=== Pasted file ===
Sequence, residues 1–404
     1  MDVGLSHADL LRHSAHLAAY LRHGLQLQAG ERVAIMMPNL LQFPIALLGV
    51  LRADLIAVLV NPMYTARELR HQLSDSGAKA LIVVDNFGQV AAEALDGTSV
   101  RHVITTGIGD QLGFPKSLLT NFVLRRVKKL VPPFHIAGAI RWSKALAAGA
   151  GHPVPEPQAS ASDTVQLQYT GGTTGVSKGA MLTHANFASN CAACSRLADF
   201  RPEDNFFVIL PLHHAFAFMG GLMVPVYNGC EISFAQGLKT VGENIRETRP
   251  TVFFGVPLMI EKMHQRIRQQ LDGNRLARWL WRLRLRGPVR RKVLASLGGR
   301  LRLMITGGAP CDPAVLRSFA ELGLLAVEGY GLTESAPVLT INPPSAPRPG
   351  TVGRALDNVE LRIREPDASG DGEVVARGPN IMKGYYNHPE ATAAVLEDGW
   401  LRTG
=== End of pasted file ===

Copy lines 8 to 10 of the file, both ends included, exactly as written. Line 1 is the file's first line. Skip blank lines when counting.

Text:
   301  LRLMITGGAP CDPAVLRSFA ELGLLAVEGY GLTESAPVLT INPPSAPRPG
   351  TVGRALDNVE LRIREPDASG DGEVVARGPN IMKGYYNHPE ATAAVLEDGW
   401  LRTG